I'm new to stack overflow, and I wanted to say hello!

On topic:

I'm generating a version 5 UUID for an application that needs randomized folder creation and deletion via a timestamp time() through

my $md5_UUID  = create_uuid_as_string(UUID_MD5, time."$job");

These folders are generated per run on each job, and are deleted after running. If the same UUID is somehow generated, the +-1000 jobs that are running could halt.

Is there any information that I can pull from this or any possibility of collisions (different data generating the same UUID)? Are they truly unique? Also, which version of UUID should I use between SHA1 and MD5?

  • The whole point of a uuid is that the possibility of any collision is so small as to be not worth worrying about. Do you really need uuid's anyway? Do you have multiple machines accessing a shared filesystem or some such? – Richard Huxton Jun 20 '13 at 20:19
  • Yes, the server will be accessed through multiple machines -- it is both the main storage location of job data and the machine the jobs execute on. Do you have any suggestions on a different random folder generation method beyond a UUID generated by time stamp appended with job name? – Brainless Box Jun 20 '13 at 20:30
  • 3
    Version 5 UUIDs are hashed with SHA-1, not MD5; if you are using an MD5 hash, you are not creating Version 5 UUIDs. That said, even MD5 has a ridiculously low probability of collision unless it's being deliberately attacked, so unless your server's going to be running a couple of million (MD5, 2^20.96) or over a quintillion (SHA1, 2^60) jobs simultaneously, you're wasting time worrying about collisions which you could better spend ensuring your application can scale to a point where you do need to worry about them. – Aaron Miller Jun 20 '13 at 21:04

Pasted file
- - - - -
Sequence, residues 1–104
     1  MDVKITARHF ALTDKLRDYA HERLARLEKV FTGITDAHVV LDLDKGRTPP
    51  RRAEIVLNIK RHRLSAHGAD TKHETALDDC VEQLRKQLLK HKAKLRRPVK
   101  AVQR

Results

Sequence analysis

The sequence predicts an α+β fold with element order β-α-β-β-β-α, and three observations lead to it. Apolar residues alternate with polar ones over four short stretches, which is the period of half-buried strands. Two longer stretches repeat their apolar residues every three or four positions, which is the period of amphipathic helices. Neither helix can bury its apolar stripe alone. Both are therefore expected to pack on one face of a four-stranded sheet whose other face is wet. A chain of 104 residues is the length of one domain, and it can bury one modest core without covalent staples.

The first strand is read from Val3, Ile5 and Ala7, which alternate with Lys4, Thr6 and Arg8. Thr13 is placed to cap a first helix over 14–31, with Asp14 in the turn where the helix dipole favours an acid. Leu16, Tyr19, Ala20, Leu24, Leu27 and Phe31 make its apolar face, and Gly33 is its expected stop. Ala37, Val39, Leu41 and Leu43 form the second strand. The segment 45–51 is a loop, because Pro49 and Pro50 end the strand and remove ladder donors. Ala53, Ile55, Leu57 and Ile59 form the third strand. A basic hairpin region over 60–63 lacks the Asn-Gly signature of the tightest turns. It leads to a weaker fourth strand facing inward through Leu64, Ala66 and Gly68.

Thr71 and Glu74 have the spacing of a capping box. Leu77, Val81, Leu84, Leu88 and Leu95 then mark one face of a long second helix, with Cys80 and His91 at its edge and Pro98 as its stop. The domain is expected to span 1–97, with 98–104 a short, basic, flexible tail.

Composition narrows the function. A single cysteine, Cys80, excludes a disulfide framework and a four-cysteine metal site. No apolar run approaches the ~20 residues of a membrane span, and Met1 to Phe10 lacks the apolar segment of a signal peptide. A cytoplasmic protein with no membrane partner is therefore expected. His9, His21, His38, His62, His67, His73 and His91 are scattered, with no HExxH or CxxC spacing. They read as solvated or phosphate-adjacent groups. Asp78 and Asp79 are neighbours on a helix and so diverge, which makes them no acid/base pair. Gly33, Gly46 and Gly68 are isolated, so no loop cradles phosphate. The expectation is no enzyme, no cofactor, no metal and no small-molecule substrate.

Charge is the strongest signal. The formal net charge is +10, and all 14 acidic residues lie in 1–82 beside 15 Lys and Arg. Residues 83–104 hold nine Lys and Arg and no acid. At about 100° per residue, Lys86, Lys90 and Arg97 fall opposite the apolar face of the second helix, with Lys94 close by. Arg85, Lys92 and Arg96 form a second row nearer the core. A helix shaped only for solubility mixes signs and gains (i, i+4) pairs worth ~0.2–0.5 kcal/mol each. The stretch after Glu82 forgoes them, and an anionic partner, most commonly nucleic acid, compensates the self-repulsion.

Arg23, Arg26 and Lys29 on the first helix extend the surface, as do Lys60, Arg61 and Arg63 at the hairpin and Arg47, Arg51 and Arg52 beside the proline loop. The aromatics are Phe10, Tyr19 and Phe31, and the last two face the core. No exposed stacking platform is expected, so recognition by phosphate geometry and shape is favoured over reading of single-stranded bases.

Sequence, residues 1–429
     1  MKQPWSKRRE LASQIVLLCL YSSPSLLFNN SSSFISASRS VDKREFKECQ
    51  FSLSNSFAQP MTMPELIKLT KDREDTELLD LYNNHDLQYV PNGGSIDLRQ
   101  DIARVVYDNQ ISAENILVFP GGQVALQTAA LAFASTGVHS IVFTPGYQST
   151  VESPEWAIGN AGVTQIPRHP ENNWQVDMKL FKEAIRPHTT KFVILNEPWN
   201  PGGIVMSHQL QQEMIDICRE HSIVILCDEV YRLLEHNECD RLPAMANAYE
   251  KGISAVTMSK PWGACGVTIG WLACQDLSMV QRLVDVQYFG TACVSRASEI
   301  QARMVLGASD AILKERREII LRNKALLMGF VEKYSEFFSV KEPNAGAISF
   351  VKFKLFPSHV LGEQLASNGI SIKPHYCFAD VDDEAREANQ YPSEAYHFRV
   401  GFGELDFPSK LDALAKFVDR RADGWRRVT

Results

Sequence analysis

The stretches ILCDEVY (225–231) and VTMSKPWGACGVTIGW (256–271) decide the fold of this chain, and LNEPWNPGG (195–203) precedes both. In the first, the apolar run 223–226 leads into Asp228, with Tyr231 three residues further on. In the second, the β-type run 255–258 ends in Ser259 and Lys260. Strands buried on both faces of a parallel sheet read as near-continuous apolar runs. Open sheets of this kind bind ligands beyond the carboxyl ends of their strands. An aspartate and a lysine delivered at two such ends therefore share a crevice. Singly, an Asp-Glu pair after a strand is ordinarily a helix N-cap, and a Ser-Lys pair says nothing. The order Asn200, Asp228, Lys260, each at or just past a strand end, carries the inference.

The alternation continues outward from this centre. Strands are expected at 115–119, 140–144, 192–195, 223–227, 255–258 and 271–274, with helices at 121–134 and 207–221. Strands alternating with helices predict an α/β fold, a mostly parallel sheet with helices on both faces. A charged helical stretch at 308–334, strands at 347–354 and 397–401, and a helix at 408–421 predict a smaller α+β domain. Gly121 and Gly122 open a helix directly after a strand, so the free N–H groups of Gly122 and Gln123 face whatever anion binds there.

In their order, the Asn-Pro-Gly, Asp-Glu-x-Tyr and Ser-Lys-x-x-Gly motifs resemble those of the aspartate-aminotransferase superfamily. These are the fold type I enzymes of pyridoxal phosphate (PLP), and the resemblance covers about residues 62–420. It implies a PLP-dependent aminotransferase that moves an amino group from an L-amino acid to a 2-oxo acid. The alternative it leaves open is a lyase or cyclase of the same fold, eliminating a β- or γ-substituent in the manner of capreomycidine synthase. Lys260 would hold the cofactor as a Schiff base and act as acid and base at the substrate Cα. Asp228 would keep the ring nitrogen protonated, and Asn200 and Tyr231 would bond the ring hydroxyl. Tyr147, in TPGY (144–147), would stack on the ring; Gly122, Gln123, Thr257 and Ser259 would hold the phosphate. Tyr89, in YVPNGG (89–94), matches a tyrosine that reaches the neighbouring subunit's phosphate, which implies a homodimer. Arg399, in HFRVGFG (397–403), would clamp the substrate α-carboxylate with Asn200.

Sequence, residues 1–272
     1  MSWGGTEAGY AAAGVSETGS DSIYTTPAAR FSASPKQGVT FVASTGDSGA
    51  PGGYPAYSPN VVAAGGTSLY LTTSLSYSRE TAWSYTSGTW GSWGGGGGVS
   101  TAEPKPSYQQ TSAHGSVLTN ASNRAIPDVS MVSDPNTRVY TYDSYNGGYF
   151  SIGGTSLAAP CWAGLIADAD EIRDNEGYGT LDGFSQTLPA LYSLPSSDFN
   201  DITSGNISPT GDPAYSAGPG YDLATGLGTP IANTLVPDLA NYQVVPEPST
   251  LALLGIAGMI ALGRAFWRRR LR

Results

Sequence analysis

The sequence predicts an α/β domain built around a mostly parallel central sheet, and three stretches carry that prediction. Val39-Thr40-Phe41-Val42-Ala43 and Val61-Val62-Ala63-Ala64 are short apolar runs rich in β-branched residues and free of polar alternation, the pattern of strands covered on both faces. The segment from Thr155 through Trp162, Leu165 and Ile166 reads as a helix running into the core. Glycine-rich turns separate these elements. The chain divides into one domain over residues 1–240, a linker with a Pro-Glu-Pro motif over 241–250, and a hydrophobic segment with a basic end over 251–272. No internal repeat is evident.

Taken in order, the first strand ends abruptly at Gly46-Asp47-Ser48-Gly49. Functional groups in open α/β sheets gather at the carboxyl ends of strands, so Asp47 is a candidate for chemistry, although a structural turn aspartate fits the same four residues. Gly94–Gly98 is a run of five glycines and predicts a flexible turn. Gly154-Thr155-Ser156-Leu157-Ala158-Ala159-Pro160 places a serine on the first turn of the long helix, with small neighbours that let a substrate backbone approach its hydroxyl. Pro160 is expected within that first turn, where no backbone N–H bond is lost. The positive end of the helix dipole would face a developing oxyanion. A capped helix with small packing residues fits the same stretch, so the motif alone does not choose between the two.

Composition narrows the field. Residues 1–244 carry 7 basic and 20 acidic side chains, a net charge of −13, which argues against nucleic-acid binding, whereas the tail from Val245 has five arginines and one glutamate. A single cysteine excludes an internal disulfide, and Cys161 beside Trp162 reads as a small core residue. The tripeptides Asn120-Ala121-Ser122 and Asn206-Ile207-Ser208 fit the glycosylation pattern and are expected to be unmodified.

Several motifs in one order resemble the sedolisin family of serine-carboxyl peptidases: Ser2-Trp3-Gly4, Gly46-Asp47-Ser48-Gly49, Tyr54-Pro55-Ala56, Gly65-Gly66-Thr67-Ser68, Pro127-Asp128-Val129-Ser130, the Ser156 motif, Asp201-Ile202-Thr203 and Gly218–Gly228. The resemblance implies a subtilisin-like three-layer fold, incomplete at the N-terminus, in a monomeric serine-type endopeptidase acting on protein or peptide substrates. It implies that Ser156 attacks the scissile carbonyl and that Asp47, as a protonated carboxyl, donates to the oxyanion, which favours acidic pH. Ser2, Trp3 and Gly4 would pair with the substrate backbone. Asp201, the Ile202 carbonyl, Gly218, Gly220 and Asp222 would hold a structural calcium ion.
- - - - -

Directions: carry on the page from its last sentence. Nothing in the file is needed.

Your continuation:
Use OS Tools

There's probably a pure Perl solution, but it may be overkill. If you are on a Linux system, you can capture the results of mktemp or uuidgen and use them in your Perl script. For example:

$ perl -e 'print `mktemp --directory`'

$ perl -e '$folder = `uuidgen`; print $folder'

The mktemp utility is nice because it will atomically create the directory for you, in addition to returning the directory name. You also have the ability to give more meaningful names to the directory by modifying the template (see man 1 mktemp); in contrast, UUIDs are not really good at conveying useful semantics.


If the folders last only the length of a job, and all the jobs are running on the same machine, you can just use the pid as a folder name. No need for uuids at all.


Use a v1 UUID

Perl's time() function is accurate to the second. So, if you're starting your jobs multiple times per second, or simultaneously on separate hosts, you could easily get collisions.

By contrast, a v1 UUID's time field is granular to nanoseconds, and it includes the MAC address of the generating host. See RFC 4122 for details. I can imagine a case where that wouldn't guarantee uniqueness (the client machines are VMs on separate layer-3 virtual networks, all with the same virtual MAC address), but that seems pathologically contrived.

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